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Transmutations of the Rohingya Movement in the Post-2012 Rakhine State Crisis
By Dr Jacques P. Leider is a Rakhine history expert, on the recent communal conflict in Rakhine State, Myanmar.
One of the striking aspects of Myanmar’s recent political developments is the dissociation of the multilateral peace process from the political management of conflictual issues linked to the Rakhine State crisis. The peace process comprises the negotiations between the government of Myanmar and the armed groups of ethnic minorities of Chin, Kachin, Shan, Karen, Kayah, Rakhine, and Mon States. It was conceived, necessarily, as a long-term process that should lead, through the signing of a nationwide ceasefire agreement, towards the production of balanced and mutually agreed relations between the central government and a range of political and military actors at the country’s periphery with China, India, and Thailand.
The expression “Rakhine State crisis,” on the other hand, encapsulates a complex set of humanitarian issues (notably questions of internal displacement and resettlement), the contested status of citizenship of a large part of the Muslim population, deep political mistrust that divides the Buddhist and Muslim communities, and ongoing communal tensions that threaten peacebuilding. In Myanmar, these two sets of problems—the broader long-term peace process negotiations and the specific crisis in Rakhine State—are perceived by most people, more or less intuitively, as being essentially matters of a different nature. This perception is shared by foreign observers familiar with the country. As this chapter is only concerned with Rakhine State and not with the peace process, the reasons of this intuitive differentiation will not be examined here.
One may note, however, that the descriptive terms in the media underscore the difference in perception. While the negotiations that should lead towards the resolution of the conflict between the state and the ethnic armed groups are called a “peace process,” the central issue of the Rakhine State crisis is generally referred to as the “Rohingya problem,” vaguely suggesting an entirely different type of issue. Comments upon the dissimilarity of the peacemaking challenges tend to be focused on the controversial issue of Muslim citizenship in Rakhine State, self-identification, and the problem of statelessness. The ethno-political dimension of this legal issue is the particularity of Rakhine State’s Muslims, who claim the distinct ethnic identity of Rohingya but never gained recognition by the state or the country’s ethnic groups. Others weigh in with arguments relating to the broader issue of Buddhist-Muslim relations in the country, which have deteriorated since 2013, practical considerations of processing negotiations, and fears that the Rakhine State crisis is actually an unsolvable conundrum while the prospects of the ethnic peace process appear more likely to be successful in the medium term.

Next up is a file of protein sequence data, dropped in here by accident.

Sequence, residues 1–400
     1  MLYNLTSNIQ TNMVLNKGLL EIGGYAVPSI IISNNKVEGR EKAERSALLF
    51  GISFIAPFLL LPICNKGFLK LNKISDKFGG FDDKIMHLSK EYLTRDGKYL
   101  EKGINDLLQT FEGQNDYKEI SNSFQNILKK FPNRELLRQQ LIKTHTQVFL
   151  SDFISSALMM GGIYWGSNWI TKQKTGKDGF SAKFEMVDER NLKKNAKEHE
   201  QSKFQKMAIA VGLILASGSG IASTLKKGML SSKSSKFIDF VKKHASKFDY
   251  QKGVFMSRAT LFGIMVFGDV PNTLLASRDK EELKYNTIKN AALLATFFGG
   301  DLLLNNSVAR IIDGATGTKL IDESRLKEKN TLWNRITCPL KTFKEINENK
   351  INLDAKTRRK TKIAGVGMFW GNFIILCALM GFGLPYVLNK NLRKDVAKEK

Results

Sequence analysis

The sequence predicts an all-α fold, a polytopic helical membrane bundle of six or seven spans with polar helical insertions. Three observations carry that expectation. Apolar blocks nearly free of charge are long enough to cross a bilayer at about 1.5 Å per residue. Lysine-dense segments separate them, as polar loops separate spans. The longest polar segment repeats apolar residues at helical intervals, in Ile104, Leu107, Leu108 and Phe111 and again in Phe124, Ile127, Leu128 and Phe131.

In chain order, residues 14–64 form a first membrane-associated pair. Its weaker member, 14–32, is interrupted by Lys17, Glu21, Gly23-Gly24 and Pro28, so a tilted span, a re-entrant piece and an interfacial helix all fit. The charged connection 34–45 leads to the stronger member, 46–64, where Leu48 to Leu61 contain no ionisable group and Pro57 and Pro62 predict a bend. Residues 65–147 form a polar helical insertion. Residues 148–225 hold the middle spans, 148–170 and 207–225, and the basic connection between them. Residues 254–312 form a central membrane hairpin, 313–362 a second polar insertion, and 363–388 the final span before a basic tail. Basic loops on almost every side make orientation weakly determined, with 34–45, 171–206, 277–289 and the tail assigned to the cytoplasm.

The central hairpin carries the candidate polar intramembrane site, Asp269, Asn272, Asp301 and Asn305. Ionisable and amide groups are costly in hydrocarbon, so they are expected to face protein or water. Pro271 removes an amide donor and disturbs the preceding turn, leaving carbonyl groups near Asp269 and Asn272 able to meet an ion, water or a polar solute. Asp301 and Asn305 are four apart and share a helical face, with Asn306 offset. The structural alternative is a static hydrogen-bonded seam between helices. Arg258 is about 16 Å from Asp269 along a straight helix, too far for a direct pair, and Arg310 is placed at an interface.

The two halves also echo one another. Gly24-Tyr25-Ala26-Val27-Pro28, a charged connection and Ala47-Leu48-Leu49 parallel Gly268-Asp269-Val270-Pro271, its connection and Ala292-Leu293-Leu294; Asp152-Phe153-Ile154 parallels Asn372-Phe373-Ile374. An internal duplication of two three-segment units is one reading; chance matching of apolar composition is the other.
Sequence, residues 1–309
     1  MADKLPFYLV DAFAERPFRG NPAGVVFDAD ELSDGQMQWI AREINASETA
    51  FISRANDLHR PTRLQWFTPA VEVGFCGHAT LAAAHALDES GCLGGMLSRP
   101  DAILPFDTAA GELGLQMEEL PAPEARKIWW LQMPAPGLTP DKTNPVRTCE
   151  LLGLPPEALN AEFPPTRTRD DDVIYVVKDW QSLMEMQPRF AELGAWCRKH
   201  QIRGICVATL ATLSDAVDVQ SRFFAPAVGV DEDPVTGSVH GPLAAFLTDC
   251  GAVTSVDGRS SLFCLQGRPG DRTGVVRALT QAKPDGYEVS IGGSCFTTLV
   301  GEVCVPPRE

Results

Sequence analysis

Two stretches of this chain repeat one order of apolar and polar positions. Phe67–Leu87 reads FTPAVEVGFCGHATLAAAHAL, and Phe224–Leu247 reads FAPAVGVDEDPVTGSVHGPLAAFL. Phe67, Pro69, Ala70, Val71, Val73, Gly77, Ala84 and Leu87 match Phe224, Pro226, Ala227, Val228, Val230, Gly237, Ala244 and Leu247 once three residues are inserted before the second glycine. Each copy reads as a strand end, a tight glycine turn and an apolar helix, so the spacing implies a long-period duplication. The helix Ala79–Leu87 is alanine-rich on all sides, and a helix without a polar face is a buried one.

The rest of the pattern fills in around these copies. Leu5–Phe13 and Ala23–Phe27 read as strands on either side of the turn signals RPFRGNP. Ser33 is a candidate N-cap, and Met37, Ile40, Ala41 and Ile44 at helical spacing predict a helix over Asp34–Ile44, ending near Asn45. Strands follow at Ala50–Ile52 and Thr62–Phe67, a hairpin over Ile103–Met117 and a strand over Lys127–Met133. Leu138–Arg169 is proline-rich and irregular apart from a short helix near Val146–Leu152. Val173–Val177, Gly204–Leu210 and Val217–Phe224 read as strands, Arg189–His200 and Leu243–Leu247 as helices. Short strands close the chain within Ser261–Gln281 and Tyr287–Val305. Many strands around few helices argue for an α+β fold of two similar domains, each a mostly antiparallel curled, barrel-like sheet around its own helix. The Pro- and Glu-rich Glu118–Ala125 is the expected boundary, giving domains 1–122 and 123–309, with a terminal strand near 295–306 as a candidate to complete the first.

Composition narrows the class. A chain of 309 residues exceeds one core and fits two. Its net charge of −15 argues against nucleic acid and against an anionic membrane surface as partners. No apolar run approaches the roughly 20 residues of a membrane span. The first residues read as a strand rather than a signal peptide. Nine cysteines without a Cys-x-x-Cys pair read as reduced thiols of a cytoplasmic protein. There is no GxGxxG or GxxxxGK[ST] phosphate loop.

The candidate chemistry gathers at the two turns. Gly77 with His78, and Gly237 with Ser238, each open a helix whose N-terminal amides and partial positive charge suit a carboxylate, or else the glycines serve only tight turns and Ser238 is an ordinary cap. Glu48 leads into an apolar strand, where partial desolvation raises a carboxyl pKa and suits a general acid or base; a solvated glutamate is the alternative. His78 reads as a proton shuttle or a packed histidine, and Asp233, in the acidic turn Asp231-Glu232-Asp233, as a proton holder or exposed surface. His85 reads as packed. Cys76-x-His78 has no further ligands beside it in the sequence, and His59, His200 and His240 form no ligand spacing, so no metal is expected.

The question of who the Rohingyas are calls for two answers, one including the various representations of the Rohingyas about themselves and another taking a critical historical and anthropological approach towards formulating a communal identity of Rakhine Muslims since the late 1940s. Muslims from North Arakan writing in the late colonial period suggested that the local Muslim community was made up of descendants of Arab and Persian settlers who arrived allegedly beginning in the seventh century CE, who mixed with indigenous people and formed a new ethnicity. More recently, a Rohingya writer has suggested that the Rohingyas are descendants of Aryans and associates them with the first millenium urban site of Vesali on the Kaladan River (Abu Aaneen 2002).
The controversial issue of the Rohingya identity after 1948 points to one of many singular facets of Rakhine State in recent times. Yet, despite such differences, the situations in Rakhine State and in other border areas of Myanmar have a lot in common, too. They share a fundamentally political character pertaining to state-society relations, a track record of insurgencies, and finally inter-ethnic dimensions to the conflict they face. Like anywhere else in the country, the origins of government contestation and armed conflict in Rakhine State reach back to the late colonial and early postcolonial period. For decades Rakhine State was home to communist insurgents, Rakhine independentist and federalist rebel organizations, and to Muslim secessionists (Smith 1991).
Rohingya movement underwent important changes after 2012 and that these mutations produced a powerful new narrative of Rohingya persecution. The triangular matrix of dissent in Rakhine State (Burmese state vs. Buddhist Rakhine; Burmese state vs. Muslim Rohingyas; and Buddhist Rakhine vs. Muslim Rohingyas) has been displaced after 2012 by the interpretation of a twofold relationship where the state is perceived as the author of a long-term campaign of persecuting and potentially eradicating the Muslim community. The implications of the state’s repression of the Muslims, rather than the historical alienation of the two religious communities, have been represented after 2012 as the exclusive concern that the international community should focus on.